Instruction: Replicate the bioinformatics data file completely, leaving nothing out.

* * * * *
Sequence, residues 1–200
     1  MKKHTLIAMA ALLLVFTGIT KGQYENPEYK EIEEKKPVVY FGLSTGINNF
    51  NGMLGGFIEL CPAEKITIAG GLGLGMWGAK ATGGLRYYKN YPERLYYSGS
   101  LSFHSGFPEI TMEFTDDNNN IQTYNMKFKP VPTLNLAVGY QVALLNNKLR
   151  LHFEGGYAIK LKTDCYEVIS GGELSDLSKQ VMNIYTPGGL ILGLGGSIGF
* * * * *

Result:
Sequence, residues 1–200
     1  MKKHTLIAMA ALLLVFTGIT KGQYENPEYK EIEEKKPVVY FGLSTGINNF
    51  NGMLGGFIEL CPAEKITIAG GLGLGMWGAK ATGGLRYYKN YPERLYYSGS
   101  LSFHSGFPEI TMEFTDDNNN IQTYNMKFKP VPTLNLAVGY QVALLNNKLR
   151  LHFEGGYAIK LKTDCYEVIS GGELSDLSKQ VMNIYTPGGL ILGLGGSIGF